Russell’s Teapot

Bertrand Russell, who was intentionally raised agnostic, was strongly influenced by Exodus 23:2: “You shall not follow the masses in doing evil.” The passage concludes, “nor shall you testify in a dispute so as to turn aside after a multitude in order to pervert justice.”

Would that everyone wholly subscribe to such tenets! Sadly such biblical diamonds are lost betwixt the mire of passages such as Jeremiah 50:21: "Pursue, kill, and completely destroy them, as I have commanded you.”

Fortunately, Russell subscribed to a positive, enriching world view. In 1952, Russell wrote a passage similar to the following:

If I were to suggest that orbiting the Sun between the Earth and Mars there exists a remarkably tiny comet containing a pink sapphire vein, nobody would be able to disprove my assertion provided I were to add that the comet is too small to be detected even by our most powerful telescopes. But if I were to insist that, since my assertion cannot be disproved, it is an intolerable presumption on the part of human reason to doubt it, I should rightly be thought to be talking nonsense. If, however, the existence of such a comet were affirmed in ancient books, taught as the sacred truth every Sunday, and instilled into the minds of children, hesitation to believe in its existence would be deemed eccentric and the doubter, undoubtedly, ushered into psychiatric care.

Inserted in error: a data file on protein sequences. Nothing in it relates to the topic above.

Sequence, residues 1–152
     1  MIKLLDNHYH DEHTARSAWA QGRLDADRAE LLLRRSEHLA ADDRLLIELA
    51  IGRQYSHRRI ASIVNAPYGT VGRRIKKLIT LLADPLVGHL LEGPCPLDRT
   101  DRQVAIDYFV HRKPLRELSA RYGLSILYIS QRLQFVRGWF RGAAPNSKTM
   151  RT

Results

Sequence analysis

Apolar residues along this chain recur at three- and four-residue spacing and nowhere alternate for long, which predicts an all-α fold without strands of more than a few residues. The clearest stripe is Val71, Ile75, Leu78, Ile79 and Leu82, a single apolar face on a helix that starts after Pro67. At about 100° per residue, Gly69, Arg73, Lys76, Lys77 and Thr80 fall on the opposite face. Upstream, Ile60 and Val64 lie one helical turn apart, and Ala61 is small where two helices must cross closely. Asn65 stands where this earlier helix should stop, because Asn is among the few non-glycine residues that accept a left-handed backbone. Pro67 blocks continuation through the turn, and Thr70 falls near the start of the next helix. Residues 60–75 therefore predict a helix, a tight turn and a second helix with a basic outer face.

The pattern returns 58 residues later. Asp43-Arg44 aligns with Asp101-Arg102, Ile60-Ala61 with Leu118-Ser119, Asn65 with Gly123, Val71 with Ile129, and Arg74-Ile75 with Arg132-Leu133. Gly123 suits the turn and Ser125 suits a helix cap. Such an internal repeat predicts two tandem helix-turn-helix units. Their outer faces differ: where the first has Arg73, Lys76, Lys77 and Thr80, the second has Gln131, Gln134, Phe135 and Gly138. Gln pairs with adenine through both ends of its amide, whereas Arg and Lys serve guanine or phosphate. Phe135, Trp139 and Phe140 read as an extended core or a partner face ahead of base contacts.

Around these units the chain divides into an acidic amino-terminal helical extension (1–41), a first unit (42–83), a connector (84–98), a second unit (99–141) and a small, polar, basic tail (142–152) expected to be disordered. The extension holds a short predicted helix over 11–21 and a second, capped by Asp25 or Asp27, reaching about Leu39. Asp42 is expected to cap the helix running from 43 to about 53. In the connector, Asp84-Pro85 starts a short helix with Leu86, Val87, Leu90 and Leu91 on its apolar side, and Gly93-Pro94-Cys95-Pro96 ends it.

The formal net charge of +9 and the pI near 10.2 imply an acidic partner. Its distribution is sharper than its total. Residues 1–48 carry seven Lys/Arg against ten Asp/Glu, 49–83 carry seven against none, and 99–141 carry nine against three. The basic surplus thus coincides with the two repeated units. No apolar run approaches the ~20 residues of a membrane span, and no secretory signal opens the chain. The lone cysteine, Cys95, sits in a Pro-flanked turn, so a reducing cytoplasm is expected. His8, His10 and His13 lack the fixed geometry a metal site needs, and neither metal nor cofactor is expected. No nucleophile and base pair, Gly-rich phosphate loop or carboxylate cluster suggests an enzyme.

Be wary of the lure of widespread belief for it easily ensnares.